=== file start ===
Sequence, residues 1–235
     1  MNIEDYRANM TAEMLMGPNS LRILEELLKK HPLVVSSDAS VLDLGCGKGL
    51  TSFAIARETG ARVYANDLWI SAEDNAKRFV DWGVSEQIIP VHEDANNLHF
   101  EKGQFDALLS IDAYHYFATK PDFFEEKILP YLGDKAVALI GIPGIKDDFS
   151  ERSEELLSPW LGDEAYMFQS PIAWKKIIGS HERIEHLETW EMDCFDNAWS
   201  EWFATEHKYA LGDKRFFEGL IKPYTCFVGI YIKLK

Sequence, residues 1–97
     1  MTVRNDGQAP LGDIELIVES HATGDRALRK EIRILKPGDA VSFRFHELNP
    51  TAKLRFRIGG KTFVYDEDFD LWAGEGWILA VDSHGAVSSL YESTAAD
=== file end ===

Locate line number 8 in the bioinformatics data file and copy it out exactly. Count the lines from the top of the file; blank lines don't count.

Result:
     1  MTVRNDGQAP LGDIELIVES HATGDRALRK EIRILKPGDA VSFRFHELNP